Privacy officers have made efforts to adapt PIAs to an agile IT environment. Often, a generic PIA is conducted based on the software’s conceptual system design. The PIA is then typically refreshed with each major redesign or new feature, often at considerable expense. However, smaller changes or features are usually released without any evaluation from a privacy standpoint. These changes can nonetheless pose significant privacy risks, especially when numerous small changes together substantially alter the operation of a program. Because of the constantly evolving program design, privacy officers find it difficult to keep track of new developments and to discern what needs to be re-assessed from a privacy perspective. This challenge very often results in tensions between software developers racing to release a new feature and privacy officers arguing for checkpoints for compliance evaluation.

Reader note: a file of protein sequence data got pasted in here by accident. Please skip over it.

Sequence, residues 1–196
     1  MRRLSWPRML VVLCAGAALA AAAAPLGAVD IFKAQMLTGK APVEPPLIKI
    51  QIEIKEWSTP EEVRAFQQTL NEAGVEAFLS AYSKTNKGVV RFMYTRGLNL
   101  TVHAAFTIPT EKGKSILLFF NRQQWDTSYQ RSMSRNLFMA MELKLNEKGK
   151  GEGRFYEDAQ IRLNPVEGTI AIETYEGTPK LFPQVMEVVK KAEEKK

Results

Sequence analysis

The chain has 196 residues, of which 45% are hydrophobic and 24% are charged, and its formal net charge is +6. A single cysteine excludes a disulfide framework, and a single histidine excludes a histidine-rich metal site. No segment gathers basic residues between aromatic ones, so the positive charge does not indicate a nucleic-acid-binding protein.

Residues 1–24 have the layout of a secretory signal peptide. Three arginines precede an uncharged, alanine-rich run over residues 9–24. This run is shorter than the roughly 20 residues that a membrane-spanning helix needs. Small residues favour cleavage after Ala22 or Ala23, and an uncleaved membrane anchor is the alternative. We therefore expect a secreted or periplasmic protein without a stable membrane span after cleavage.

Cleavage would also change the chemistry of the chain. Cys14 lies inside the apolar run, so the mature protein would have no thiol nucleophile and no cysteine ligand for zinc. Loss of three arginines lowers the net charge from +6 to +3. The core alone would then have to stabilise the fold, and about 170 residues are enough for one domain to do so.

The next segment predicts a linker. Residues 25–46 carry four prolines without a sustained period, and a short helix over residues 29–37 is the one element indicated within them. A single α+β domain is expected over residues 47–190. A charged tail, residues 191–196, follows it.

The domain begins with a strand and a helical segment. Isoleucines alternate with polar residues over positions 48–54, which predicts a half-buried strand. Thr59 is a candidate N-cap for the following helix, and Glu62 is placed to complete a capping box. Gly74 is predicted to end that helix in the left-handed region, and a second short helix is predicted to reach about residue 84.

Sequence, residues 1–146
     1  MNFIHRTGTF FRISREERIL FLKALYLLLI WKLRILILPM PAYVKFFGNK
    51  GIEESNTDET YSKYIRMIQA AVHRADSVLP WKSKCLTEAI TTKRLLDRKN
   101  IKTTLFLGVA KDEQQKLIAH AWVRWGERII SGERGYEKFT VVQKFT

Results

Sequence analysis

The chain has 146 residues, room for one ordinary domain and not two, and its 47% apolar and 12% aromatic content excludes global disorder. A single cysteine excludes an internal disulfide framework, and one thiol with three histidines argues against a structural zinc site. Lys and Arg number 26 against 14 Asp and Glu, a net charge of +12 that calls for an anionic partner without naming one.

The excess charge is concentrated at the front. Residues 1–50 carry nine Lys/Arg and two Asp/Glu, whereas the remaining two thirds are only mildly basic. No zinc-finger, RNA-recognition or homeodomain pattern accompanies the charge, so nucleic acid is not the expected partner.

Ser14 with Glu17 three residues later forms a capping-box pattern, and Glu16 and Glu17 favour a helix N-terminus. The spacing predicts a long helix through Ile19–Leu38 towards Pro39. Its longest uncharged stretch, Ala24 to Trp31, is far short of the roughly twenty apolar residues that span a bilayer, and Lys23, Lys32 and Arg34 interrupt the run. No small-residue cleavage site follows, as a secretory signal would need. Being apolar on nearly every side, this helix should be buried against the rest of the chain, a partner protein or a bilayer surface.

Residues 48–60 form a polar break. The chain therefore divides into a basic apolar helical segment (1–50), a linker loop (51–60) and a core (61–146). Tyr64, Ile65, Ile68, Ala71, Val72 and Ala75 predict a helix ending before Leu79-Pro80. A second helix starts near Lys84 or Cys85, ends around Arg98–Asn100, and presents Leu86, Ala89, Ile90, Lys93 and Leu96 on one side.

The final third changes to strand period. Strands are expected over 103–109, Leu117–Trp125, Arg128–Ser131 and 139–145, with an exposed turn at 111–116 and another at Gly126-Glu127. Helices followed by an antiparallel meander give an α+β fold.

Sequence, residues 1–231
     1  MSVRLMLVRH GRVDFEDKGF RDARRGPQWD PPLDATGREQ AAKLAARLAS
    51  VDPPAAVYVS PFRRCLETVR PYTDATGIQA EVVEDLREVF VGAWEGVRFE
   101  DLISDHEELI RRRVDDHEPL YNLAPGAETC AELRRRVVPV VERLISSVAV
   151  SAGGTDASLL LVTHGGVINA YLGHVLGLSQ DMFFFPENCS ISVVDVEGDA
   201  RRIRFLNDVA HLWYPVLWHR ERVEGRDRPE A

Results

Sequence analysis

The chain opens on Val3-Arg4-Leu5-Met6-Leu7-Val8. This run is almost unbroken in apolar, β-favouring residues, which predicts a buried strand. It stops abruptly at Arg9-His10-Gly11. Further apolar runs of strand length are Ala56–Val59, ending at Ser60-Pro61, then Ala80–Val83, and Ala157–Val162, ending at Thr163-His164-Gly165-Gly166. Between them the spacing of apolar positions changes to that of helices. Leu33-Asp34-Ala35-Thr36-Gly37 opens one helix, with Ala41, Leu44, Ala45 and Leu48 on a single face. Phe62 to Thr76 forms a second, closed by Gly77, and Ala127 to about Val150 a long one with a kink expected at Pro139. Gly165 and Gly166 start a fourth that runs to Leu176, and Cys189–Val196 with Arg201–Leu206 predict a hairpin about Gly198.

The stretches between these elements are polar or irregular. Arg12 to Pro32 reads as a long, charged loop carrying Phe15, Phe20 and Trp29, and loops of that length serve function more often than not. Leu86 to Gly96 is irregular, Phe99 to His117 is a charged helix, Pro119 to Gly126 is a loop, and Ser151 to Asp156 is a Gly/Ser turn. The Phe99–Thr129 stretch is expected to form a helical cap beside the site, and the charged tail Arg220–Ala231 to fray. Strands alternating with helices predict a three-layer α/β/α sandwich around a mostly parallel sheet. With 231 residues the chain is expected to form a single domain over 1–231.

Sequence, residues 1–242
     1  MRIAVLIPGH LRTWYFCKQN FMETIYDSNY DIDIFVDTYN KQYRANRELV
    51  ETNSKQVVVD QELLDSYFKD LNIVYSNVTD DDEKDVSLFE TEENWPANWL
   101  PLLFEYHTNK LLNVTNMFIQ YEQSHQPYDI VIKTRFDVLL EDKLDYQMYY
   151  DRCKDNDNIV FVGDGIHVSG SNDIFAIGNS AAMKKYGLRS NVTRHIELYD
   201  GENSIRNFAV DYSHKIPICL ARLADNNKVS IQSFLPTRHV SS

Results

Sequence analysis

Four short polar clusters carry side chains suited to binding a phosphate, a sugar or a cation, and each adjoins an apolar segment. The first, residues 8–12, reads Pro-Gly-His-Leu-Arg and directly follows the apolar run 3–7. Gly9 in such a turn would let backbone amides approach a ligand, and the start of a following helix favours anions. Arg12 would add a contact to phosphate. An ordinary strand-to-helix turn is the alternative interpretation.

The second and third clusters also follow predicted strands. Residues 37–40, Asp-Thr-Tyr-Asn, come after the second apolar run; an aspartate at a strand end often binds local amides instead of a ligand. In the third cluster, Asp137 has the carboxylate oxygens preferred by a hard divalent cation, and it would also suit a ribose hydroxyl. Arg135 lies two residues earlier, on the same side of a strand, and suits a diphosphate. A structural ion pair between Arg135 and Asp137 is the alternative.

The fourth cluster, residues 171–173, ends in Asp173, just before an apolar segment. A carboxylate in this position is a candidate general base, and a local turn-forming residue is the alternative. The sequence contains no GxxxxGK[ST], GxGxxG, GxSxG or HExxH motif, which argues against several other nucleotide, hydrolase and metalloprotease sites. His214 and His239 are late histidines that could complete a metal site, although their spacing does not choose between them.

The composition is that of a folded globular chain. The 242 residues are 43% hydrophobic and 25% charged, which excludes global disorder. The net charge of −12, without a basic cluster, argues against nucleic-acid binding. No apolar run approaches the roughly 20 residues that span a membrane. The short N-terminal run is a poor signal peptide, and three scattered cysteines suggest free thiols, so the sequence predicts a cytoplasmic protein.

These difficulties can largely be addressed by an approach to privacy assessment that mirrors the distinct activities making up the agile IT development process. Three natural points of contact between privacy and agile software development are:
1. Development Process
One of the major difficulties in conducting privacy assessments during the software development process is that communication between privacy staff and IT staff can be fragmented and unproductive. A simple communication system can cut across confusion and inefficiency: when coding features, software developers tag each data variable in the program code that corresponds to data collection (entering data), retention (saving or storing data), use (processing, editing, managing, or linking data) and disclosure (sending data). Privacy staff then assesses the compliance of the actions represented by the tagged variables. When a feature is altered, privacy staff will only need to re-examine tagged variables which have been changed.